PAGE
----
Boehner Tells His Side of the Tape Case

Posted January 3, 2003 at 5:53pm

Six years after an unlikely chain of events led to the front-page publication of a private conversation among House GOP leaders, Rep. John Boehner still wants to see justice served.

The Ohio Republican, whose cellphone signal was intercepted in December 1996, also wants to send a message that even in the nasty business of politics, there are limits to what opponents may do to each other.

Speaking publicly for the first time since he took the unprecedented step of suing a fellow Member, Boehner vowed to pursue his lawsuit against Rep. Jim McDermott, the Washington Democrat who has admitted to passing along the taped conversation to two reporters.

During an hour-long interview in his Longworth office, Boehner also revealed for the first time that he and McDermott met privately more than a dozen times last year in a failed attempt to settle the case. The talks fell apart after McDermott refused to agree to admit that he was wrong, one of three conditions set by Boehner.

Boehner said he decided to speak out after recent stories about the case prompted a number of lawmakers to inquire about the circumstances of a case that has dragged on for so long that most of the key players have moved on to vastly different roles and responsibilities.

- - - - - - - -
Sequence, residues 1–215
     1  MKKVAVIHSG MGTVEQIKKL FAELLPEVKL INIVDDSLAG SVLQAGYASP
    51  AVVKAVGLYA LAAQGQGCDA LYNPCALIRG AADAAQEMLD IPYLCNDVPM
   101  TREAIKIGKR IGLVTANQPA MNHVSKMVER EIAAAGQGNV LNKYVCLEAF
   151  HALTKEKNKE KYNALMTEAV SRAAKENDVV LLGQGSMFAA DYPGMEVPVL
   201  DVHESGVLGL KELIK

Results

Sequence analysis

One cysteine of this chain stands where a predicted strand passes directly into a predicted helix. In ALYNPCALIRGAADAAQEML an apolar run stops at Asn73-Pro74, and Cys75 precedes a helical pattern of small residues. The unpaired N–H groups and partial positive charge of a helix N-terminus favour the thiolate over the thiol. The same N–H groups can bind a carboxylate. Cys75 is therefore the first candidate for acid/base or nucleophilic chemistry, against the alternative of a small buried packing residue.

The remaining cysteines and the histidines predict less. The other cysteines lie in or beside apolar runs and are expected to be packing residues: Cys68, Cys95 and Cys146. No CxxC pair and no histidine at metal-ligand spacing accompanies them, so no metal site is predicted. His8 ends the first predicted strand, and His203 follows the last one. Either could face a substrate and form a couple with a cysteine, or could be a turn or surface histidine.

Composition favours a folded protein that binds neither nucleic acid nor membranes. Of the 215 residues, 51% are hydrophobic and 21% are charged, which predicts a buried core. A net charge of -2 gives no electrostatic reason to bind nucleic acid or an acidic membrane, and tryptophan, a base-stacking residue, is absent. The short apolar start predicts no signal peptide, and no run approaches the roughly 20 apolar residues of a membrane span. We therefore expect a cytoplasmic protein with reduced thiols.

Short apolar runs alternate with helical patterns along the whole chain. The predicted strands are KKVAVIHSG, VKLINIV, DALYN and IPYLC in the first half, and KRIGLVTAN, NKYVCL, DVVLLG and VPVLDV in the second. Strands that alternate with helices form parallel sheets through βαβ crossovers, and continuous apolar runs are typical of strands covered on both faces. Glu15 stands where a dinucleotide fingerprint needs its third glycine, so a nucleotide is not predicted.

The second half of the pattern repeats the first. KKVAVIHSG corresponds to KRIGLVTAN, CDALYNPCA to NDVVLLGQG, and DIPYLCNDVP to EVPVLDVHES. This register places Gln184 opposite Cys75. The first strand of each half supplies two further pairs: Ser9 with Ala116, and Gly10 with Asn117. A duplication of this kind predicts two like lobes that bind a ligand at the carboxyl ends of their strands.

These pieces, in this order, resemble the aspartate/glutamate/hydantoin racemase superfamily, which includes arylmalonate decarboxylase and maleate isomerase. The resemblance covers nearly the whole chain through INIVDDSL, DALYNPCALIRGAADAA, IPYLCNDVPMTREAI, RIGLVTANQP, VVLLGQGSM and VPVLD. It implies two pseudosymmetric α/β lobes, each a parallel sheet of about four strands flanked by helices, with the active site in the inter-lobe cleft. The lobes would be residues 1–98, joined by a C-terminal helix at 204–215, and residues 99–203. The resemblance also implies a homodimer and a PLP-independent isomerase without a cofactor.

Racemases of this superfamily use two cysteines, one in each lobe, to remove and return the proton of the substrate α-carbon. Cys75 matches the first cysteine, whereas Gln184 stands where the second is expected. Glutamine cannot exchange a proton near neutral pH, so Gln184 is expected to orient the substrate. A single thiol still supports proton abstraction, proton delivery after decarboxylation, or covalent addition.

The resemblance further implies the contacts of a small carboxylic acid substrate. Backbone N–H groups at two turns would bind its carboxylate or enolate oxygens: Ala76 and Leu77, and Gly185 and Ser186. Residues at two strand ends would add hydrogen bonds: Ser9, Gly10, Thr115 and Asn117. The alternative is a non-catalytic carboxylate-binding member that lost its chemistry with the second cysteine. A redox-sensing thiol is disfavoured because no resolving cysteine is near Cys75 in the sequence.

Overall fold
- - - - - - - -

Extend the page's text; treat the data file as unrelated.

Newt Gingrich (R-Ga.), the former House Speaker who was the focus of the taped conversation about how GOP leaders would handle the fallout of his 1997 ethics investigation, is no longer in Congress. John and Alice Martin, the Florida couple who made the tape, admitted their crime and paid the penalty.

McDermott no longer sits on the House ethics committee, and Boehner himself has endured a remarkable transformation from fast-climbing member of the GOP leadership team to the serious but less flashy front-line work of molding legislation as chairman of the Education and the Workforce Committee.

“I decided that there are probably a lot of people who have no idea why I am doing this,” Boehner said. “While we may have political and policy differences here — we may fight to the death for a program — there is some limit to what you can do to go after your political opponents.

“And, in all honesty, McDermott’s actions in 1996 and early 1997 were outrageous. Way over the line.”

McDermott, he said, crossed the line when he leaked the tape to the press instead of handing it over to the members of the ethics committee handling the Gingrich case.